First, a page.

A recent paper by Crespel, L; Gudin, S.; Meynet, J.; and Zang, D.; Theor Appl Genet, vol. 104, pages 451-456 (2002) reports on the results of crossing 2 dihaploid R. hybridia L. clones, called H61 and H3 with normal diploids R. rugosa and R. wichuraiana. The dihalpoids were created by in situ parthenogenesis induced by using irradiated pollen and embryo rescue of a rose identified as FJV6 and Sweet Promise.
The results are a little surprising (one would of expected that all of the seedlings would of been diploids like the parents). The actual results for H61 X r. wichuraiana are 8 diploids, 19 triploids and 5 pentapoids (32 total seedlings); for H61 X r. rugosa - 6 diploids, 28 triploids, 2 tetraploids, and 2 pentaploids (38 total seedlings); and for the reverse cross r. winchuraiana X H3 - 19 diploids, 9 triploids (28 total seedlings).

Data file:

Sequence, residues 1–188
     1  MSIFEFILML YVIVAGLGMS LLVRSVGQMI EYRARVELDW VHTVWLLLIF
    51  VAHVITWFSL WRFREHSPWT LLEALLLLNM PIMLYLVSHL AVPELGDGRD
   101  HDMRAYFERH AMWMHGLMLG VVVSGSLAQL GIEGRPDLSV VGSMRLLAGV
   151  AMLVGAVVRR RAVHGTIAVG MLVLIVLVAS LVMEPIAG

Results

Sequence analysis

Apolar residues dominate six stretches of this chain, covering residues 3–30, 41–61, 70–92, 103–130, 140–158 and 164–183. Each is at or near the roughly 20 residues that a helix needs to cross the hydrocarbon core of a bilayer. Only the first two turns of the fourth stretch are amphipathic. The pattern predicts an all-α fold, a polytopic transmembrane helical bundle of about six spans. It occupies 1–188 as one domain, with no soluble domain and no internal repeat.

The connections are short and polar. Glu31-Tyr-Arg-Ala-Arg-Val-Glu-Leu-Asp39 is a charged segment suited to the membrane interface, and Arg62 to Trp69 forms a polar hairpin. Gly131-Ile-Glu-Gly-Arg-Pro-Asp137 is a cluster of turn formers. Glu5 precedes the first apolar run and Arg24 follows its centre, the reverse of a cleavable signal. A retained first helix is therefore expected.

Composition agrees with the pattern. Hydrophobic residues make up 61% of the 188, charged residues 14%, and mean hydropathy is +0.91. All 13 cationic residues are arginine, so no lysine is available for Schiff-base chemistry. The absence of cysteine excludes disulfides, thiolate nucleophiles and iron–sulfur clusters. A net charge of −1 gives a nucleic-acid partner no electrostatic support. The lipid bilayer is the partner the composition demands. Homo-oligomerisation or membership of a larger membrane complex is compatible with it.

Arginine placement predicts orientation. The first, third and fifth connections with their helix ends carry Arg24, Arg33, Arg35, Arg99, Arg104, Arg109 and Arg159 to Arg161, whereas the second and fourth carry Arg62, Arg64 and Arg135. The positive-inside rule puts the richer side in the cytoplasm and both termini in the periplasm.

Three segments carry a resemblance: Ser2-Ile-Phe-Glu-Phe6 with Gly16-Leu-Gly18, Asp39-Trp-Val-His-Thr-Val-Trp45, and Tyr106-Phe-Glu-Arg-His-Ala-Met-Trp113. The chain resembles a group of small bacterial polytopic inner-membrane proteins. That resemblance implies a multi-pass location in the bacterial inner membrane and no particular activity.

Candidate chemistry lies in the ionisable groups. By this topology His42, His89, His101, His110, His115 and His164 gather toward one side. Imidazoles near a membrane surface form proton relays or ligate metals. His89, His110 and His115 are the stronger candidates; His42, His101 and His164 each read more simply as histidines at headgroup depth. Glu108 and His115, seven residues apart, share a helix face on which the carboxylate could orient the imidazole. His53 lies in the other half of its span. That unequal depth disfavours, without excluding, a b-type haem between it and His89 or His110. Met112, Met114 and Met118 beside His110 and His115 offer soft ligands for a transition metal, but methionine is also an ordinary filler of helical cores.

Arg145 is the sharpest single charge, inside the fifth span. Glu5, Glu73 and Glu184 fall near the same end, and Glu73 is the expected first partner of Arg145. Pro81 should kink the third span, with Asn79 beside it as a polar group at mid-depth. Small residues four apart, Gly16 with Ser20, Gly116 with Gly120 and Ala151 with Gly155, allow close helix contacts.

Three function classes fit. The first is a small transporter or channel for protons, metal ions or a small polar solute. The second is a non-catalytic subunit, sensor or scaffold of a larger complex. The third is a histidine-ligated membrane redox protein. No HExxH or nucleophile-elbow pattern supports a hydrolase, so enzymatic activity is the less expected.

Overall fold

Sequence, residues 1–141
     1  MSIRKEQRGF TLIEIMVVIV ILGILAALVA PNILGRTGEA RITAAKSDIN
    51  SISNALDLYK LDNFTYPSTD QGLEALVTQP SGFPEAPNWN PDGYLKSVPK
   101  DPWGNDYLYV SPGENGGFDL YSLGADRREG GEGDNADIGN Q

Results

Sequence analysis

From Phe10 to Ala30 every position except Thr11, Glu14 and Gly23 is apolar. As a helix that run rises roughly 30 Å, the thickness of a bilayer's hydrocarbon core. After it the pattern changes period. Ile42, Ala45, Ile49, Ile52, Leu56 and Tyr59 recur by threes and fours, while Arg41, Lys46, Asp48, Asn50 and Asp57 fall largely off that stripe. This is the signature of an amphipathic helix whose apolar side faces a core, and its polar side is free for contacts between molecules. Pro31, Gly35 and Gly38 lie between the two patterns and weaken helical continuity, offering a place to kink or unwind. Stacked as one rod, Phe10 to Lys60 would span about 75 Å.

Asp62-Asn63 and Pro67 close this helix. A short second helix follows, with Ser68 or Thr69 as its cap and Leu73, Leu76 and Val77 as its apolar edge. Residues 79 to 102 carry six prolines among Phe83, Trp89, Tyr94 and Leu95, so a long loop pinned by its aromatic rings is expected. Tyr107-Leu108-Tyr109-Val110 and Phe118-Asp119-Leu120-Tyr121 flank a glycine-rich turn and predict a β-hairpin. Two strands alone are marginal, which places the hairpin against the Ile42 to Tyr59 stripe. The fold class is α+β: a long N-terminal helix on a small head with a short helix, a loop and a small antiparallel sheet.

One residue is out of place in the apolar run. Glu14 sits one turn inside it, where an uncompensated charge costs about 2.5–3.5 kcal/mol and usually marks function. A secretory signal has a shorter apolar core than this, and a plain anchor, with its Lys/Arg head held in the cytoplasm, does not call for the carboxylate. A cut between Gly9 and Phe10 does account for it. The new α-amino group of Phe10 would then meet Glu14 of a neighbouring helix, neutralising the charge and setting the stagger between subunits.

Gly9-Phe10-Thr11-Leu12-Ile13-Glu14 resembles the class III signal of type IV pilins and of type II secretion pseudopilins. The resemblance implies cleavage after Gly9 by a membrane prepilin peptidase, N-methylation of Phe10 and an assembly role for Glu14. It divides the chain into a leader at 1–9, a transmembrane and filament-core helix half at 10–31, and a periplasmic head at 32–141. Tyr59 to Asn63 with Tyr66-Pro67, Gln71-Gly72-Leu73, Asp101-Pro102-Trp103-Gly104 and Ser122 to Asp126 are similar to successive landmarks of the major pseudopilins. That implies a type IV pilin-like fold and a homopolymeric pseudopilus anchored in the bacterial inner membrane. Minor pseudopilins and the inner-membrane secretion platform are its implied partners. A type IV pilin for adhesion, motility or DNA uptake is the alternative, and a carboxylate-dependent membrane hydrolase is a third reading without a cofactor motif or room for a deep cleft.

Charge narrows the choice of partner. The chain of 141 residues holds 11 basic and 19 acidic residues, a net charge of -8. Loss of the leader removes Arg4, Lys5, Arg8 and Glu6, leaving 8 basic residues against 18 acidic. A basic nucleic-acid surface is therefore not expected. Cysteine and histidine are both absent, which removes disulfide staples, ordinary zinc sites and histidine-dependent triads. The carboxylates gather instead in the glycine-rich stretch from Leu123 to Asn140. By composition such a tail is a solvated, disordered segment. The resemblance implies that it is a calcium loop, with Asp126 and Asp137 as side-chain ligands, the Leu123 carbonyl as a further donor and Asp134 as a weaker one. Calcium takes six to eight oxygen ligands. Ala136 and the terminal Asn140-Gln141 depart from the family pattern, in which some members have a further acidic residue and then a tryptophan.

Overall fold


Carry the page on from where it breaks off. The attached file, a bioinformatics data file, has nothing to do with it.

Thus, we see that the division does not always follow the classical expected division but “often follows abnormal (or absence of)cytokinesis”. Please consult the original paper for a more technical discussion.